protested that a) I don´t wish to chatter more feebly than I
have already, b) I am ancient and frail, also lazy, c) the
first MSS only approximate to each other while containing mkuch
the same material;  their tone differs.  But above all they
have, whether bad or indifferent, a certain shape or form and
you cannot just stuff more material into it which refers to
things which happened subsequently.  So we agreed that we would
leave the texts to stand and that I would say, roughly, okay,
that was how it looked then;  what has happened since, what
is there still be said by us, who knew Auden in Kirchstetten
in view of the fact that Carpenter did no research on this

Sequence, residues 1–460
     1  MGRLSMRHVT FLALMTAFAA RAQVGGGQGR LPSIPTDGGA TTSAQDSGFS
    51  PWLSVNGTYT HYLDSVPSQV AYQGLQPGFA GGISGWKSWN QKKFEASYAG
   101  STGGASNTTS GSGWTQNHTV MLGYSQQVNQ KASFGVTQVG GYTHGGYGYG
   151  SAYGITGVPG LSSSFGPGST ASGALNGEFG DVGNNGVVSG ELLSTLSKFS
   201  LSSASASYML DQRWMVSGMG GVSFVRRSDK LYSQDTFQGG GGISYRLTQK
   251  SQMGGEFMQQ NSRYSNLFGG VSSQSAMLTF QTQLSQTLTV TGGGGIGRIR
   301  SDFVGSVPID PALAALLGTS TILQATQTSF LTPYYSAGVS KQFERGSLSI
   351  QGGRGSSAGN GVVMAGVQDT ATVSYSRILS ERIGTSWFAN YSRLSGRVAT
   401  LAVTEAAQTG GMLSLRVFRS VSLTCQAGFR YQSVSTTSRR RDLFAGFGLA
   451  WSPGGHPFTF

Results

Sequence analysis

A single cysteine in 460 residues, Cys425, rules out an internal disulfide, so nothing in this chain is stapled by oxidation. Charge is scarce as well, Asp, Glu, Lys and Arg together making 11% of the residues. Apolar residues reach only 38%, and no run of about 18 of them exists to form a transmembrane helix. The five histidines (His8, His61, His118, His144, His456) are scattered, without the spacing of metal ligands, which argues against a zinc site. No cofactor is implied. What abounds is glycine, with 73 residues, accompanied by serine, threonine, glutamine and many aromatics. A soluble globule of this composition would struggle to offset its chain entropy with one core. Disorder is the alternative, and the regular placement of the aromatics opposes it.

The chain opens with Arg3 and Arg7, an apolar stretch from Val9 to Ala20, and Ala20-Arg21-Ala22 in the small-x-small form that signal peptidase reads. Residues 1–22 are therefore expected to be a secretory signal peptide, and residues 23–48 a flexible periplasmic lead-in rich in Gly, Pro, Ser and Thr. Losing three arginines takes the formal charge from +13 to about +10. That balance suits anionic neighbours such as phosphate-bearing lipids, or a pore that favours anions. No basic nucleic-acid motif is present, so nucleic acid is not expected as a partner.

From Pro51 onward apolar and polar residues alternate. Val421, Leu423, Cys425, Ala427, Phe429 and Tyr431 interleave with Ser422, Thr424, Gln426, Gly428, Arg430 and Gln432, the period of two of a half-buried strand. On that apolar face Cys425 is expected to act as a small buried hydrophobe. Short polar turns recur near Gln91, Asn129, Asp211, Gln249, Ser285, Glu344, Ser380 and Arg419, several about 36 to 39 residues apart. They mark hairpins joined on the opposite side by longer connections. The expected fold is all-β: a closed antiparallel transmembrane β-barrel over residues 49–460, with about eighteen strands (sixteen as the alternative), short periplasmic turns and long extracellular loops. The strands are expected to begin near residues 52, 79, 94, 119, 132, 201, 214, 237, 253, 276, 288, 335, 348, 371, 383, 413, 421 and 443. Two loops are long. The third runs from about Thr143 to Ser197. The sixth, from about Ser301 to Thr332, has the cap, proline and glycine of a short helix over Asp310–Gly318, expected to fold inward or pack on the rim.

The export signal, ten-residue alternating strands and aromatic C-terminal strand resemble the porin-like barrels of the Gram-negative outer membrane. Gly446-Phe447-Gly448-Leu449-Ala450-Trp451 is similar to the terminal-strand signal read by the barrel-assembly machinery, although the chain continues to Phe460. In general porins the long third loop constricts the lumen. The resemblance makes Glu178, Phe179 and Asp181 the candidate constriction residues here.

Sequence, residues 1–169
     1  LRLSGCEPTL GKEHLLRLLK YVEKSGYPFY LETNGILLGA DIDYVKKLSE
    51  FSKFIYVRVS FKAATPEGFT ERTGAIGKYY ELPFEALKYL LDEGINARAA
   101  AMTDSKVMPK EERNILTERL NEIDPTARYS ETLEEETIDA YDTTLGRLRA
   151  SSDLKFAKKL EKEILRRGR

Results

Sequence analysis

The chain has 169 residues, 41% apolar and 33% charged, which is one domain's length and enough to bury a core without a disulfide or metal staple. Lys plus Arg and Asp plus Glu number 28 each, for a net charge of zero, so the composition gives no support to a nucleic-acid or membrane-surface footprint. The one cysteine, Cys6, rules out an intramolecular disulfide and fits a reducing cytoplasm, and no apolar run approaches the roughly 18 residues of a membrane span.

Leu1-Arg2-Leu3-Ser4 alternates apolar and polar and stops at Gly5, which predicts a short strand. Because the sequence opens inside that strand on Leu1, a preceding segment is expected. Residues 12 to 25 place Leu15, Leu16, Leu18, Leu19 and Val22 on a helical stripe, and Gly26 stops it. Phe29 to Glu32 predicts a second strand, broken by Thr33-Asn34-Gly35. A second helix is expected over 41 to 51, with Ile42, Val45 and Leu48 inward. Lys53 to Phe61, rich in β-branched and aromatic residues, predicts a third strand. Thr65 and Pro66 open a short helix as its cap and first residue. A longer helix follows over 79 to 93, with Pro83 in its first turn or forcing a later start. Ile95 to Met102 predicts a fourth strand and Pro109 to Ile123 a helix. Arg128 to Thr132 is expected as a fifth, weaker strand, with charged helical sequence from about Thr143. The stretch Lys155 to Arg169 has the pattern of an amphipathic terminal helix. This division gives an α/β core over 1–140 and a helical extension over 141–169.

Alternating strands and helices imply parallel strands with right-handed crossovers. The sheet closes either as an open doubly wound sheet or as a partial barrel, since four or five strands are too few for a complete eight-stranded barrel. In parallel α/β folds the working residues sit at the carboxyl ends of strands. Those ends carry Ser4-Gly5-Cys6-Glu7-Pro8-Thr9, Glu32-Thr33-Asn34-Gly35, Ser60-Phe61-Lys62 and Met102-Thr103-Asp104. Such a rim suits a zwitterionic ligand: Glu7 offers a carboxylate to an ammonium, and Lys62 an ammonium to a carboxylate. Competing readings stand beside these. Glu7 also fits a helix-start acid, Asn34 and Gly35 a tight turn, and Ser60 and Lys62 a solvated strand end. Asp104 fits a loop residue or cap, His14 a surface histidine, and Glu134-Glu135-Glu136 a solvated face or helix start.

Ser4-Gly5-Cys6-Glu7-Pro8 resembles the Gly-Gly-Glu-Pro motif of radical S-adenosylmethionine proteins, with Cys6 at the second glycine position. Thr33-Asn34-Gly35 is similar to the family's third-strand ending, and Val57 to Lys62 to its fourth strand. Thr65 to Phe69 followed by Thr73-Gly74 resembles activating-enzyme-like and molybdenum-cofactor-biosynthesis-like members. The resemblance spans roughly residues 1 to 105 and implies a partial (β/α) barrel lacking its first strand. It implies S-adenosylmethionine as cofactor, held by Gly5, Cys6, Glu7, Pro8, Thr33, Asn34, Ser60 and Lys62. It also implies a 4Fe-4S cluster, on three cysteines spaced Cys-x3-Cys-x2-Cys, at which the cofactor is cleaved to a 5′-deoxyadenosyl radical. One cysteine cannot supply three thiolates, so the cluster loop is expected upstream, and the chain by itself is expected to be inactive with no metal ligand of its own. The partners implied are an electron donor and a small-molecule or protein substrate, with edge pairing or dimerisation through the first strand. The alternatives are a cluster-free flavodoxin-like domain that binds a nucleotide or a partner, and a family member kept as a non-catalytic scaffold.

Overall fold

locations?  For a long time the idea was only to write a
German text, I mean that the book would be solely German
language production, and this I thought until quite recently.
Suddenly, Peter bounced me with the comment that he would
"like an English version as well."  I had thought my two texts
were only to be combined and the sequel written in German.
This presents technical problems.  For example, and now my
questions to you begin:

    We ihave here a copy of Auden´s declaration to the tax
authorities.  (I have been determined all along that this
document should be published AND RIGHT HERE.  Apart from making
Them look stupid, it must be unique in literary history that a
great poet should explain to the tax authorities how poetry
comes to be written.)  Do you have the English original, or where